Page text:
Okay, I stuck the word "teenage" in there for poetic effect. But the basic idea, I was a poverty pimp, holds.
I took taxpayer's money and squandered it in ways that would appall them if they only knew. And I feel compelled to make amends.
You could say that I meant well -- which I did. But the road to Hell is paved with good intentions. I meant to help people get off welfare, which is a goal that the taxpayers can firmly support. But what I did in practice was prop up a bloated bureaucracy that sees welfare recipients as a faceless mass existing purely to keep federal block grant money flowing so that we -- the tax-funded workers -- could keep our jobs.
I tried to make the program functional, within and in spite of the constraints put upon us by Congress and the Bureau of Employment and Training Programs. It was a mostly futile gesture. Call it "rearranging deck chairs on the Titanic." Call it "making a silk purse out of a sow's ear." Call it "a day late and a dollar short." It all amounts to the same thing. There is no way that any permutation of the 1996 Personal Responsibility and Work Opportunity Reconciliation Act (aka "Welfare Reform"), especially not as interpreted to the Pennsylvania Bureau of Employment & Training Programs (aka "BETP"), is going to accomplish its stated goals except as a fortuitous side effect.
Most of the people who get off welfare and get jobs would have done so anyway, with or without our program. If our program had any real effect on these people, it was mostly by annoying them so much that even the suckiest dead-end minimum-wage job was an improvement. But if you're going to get people off welfare by annoying them, it would be a lot cheaper and more cost-effective to heard them all into a room and make them listen to tapes of Gilbert Gottfried reading Finnegan's Wake.
What about the people who remain on welfare? Are they, as the Left asserts, plagued by barriers such as lack of training, lack of child care, lack of appropriate health services, and so on? Are they, as the Right asserts, just feckless moochers?
There are some welfare recipients who fit pretty well into one or the other of those stereotypes. "Janice", for example, had housing problems, transportation problems, and less than idea job skills. But her biggest real barrier to long-term employment is that she had mental health problems that weren't severe enough to warrant going on disability, but kept her from developing the coping skills to overcome them and hold down a job. Peer support or even simple coaching would enable her to get and maintain a job.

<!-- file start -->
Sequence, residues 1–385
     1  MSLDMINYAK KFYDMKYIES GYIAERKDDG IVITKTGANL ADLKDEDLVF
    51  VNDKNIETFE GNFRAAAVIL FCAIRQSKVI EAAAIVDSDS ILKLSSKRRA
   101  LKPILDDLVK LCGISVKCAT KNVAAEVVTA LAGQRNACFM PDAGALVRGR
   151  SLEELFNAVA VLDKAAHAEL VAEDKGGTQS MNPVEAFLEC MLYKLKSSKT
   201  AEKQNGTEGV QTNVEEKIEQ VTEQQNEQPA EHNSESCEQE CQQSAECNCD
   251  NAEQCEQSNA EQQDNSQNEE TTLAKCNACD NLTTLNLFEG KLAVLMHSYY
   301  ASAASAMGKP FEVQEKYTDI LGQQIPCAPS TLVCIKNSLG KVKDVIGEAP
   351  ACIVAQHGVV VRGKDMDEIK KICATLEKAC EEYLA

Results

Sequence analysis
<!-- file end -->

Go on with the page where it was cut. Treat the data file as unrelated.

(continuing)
"Marty", on the other hand, had an illness that limited his ability to do strenuous labor, and didn't have a GED, but he had access to job training and funding for equipment that would have enabled him to earn a living. Marty wasn't interested; his life goal was to leverage his illness into a disability claim so that he could vegetate in front of the TV drinking beer the rest of his life. "Marty" was a slug and a bum -- but he was far more of an aberration that the Right would like to believe.
My observation is that there were far more people like Janice than like Marty. But Welfare Reform isn't set up to serve one or bitch-slap the other. It's set up to fill the welfare recipient's day with federally-approved activities for a federally-mandated amount of time every week, ultimately regardless of what would actually boost the person off welfare and into independence.
So I spent my time channeling folks like Janice into "work skills" activities that really didn't help her, because the skills she needed were illness management. I'd spend time channeling people like "Jose" into "work skills" activities when he needed a combination of English classes and job search. I'd spend time channeling "Jerica" into "work skills" activities when what she needed was to learn to budget for car repairs.
There are things we could be doing to equip people to enter and stay in the job market, and things we could be doing to boot shiftless slugs off the public dole. Most of the former could -- and should -- be done in the school system, not by engaging in "self-esteem" activities, but by teaching them to identify and develop their skills, to set and accomplish goals, and to recognize their own ability to set and follow through on a positive life trajectory. As long as they're trapped in a union-driven public school system that holds kids hostage, none of this is likely to happen. And most of the latter could be booted off the dole -- they'd pretty quickly rearrange their goals to include working for a living.
While I was working inside the system, I could tweak it. I could do my best of encourage my clients, to steer them toward what they really needed, and to creatively interpret the rules to allow them to engage in truly productive, dignity-based activities. I could throw the shiftless out of the program and at least hope that they'd be sanctioned and lose their free money. But I could do nothing to change the wasteful, spirit-crushing, dehumanizing nature of the system as it stands.
I'm praying that I can find work somewhere in the field of public policy, where I can turn my experience into a force for reform. If I do, then the time I spent as an employment and training Case Manger can be redeemed. If I can't, it will always remain a shameful blot on my record: my time as a poverty pimp.